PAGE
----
…and here are two photos of the ball itself:
Is that beautiful or what?
Here’s another beautiful thing — the military jet flyover after the national anthem:
The fans were pumped…
…and so was I because I had a ticket for the fancy-schmancy Diamond Club area behind home plate. (I won’t get into all the details of the club here. If you want to know more about it, check out my entry from April 25, 2007. That was my first time there.) This was my view during the bottom of the 1st inning. Note Bronson Arroyo’s fantastic leg kick, in addition to all the standing room behind the seats:
Did I mention that the fans were pumped?
Here’s another photo, pretty much taken from the same spot as the one above. The difference here is that Aroldis Chapman was on the hill:
It was my first time seeing him pitch in person, and MAN-ALIVE can that young fella throw a baseball!!! Look at the radar gun reading in the following photo:
That wasn’t even his fastest pitch.
I don’t know how to describe the movement on his fastball. In fact, there appears to be very little movement. When Chapman releases the ball, it just stays straight, like there’s no gravity or air resistance. It doesn’t even seem that much faster than, say, a 95mph fastball. It just seems sturdier, if that makes sense. Everyone in the aisle was frozen in place…just standing around and watching him pitch:
It was truly awesome, and I was glad to be so close to the action.
Despite Chapman’s velocity, the Phillies managed to score three runs off him, all of which were unearned. The Reds’ defense fell apart. Look how many errors they made:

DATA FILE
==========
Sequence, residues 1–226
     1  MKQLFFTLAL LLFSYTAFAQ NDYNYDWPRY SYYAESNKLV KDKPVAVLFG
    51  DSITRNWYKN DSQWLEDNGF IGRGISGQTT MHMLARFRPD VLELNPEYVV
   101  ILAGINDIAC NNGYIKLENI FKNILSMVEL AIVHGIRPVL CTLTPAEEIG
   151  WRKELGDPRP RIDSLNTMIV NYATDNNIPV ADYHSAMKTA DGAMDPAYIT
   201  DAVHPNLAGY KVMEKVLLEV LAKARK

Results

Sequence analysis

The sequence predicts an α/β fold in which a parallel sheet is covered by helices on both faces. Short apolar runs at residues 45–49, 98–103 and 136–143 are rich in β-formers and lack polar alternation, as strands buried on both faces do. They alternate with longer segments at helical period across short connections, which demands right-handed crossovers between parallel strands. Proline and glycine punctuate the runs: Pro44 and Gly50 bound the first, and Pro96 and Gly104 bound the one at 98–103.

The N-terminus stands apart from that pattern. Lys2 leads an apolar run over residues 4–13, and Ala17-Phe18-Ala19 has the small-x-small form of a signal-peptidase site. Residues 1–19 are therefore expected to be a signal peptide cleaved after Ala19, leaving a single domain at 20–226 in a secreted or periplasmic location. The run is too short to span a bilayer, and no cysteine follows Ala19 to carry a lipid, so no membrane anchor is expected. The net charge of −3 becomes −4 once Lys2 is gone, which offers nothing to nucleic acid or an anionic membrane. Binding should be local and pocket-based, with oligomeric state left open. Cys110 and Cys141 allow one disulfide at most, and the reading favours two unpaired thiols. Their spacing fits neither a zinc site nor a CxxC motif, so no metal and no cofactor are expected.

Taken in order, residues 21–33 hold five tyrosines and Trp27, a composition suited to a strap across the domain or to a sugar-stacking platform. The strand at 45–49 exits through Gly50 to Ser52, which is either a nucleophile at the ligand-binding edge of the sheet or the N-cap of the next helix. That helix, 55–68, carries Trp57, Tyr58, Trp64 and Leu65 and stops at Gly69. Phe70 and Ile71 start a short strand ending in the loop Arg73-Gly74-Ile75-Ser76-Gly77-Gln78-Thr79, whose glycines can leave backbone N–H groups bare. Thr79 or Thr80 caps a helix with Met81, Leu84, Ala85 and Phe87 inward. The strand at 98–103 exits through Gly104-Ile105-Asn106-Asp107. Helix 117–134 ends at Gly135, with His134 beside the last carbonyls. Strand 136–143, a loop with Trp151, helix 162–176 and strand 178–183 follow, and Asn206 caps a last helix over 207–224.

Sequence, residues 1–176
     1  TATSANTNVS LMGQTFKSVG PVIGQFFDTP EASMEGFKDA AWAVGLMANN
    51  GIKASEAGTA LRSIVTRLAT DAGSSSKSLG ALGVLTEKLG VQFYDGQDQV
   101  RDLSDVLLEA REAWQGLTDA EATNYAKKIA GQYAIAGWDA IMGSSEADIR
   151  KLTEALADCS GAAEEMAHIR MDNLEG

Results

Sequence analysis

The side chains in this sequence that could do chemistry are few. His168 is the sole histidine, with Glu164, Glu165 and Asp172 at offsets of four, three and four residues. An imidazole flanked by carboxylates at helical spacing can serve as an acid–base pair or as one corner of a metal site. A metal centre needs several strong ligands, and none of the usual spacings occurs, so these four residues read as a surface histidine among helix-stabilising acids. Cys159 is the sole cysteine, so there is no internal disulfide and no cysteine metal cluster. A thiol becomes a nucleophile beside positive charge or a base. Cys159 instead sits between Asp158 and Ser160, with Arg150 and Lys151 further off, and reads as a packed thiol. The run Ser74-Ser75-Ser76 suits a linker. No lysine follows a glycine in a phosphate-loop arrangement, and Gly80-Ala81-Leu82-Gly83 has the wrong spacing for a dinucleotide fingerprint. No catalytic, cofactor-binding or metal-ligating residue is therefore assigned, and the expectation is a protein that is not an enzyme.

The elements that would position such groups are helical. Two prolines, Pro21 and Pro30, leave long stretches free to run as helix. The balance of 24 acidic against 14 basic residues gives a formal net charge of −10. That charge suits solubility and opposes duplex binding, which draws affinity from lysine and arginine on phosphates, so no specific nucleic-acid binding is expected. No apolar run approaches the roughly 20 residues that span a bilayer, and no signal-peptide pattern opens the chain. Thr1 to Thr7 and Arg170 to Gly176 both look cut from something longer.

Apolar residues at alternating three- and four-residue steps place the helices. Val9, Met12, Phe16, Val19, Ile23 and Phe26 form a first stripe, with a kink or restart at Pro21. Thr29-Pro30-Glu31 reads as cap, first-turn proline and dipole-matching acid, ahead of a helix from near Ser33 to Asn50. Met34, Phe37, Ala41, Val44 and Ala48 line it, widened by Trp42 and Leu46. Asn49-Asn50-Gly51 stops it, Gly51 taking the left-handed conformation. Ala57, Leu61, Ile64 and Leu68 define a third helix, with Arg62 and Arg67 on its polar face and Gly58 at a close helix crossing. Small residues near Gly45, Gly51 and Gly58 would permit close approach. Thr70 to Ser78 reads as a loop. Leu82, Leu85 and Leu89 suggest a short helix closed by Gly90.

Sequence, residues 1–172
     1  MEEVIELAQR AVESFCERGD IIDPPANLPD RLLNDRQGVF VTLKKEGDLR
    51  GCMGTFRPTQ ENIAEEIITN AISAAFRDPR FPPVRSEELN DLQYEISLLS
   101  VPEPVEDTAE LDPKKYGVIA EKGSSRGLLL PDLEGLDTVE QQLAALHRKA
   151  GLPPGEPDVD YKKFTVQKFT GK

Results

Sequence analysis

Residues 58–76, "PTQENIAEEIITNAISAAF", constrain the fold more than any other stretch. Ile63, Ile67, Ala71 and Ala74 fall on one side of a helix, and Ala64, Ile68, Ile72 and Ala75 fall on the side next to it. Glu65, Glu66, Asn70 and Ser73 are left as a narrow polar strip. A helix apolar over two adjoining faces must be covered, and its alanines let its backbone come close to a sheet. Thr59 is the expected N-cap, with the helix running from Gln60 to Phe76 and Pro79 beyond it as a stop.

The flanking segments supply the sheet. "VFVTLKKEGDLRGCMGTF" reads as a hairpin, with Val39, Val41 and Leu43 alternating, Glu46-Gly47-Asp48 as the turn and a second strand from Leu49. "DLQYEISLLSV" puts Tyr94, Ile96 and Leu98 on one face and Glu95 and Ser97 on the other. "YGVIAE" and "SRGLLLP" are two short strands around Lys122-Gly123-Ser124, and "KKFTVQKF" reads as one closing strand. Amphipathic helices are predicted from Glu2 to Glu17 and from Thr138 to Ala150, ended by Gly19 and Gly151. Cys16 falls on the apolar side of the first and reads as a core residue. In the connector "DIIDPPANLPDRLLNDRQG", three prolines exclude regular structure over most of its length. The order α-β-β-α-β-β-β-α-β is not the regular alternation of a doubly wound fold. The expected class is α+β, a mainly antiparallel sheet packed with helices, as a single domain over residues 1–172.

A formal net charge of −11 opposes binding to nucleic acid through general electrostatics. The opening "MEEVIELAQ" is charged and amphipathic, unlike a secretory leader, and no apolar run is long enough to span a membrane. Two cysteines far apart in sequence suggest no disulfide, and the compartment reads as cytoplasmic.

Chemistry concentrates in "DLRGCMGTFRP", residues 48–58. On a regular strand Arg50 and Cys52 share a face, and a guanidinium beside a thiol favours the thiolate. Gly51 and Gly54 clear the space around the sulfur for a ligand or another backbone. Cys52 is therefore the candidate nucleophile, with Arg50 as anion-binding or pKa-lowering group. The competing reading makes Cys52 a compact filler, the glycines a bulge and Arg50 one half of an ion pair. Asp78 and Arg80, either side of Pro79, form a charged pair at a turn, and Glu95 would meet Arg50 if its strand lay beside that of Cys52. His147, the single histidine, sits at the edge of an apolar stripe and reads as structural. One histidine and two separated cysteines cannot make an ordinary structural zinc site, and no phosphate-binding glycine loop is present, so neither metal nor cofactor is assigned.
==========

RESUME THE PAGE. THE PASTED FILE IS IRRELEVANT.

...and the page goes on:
Despite all the standing room I had, I didn’t come close to a foul ball, but you know what? That hardly even mattered. MLB used to have commemorative balls (like this and this) during the first two rounds of the postseason, but not anymore.
With Brad Lidge in the process of nailing down the save, I worked my way to the seats behind the Reds’ dugout…
…but didn’t get anything there after the final out.
Final score: Phillies 7, Reds 4.
• 5 balls at this game (4 pictured on the right because I gave one away)
• 304 balls in 32 games this season = 9.5 balls per game.
• 661 consecutive games with at least one ball
• 204 consecutive games outside New York with at least one ball
• 13 consecutive post-season games with at least one ball
• 4 consecutive seasons with at least 300 balls
• 4,662 total balls
• 48 donors (click here to learn more)
• $7.53 pledged per ball (if you add up all the pledges)
• $37.65 raised at this game
• $2,289.12 raised this season for Pitch In For Baseball
It was another day of A-Rod hysteria:
Perhaps “hysteria” is an exaggeration. “Anticipation” and “excitement” and “teenage girls hoping to get on TV” would be a better way to describe the atmosphere.
When the stadium opened at 5pm, I raced out to the right field seats. My girlfriend Jona followed close behind with my camera. Here’s a shot of the section from afar. I’m standing in the last row (see the red arrow) wearing a black T-shirt and khaki green cargo shorts:
When A-Rod stepped into the cage, I moved up a few rows and quickly got my first chance of the day when he launched a deep fly ball in my direction. I could tell right away that it was going to fall a bit short, so I climbed over a row of seats…
…and when the ball predictably tailed to my left, I began to drift with it. If you look really closely at the following photo, you can see the ball in mid-air: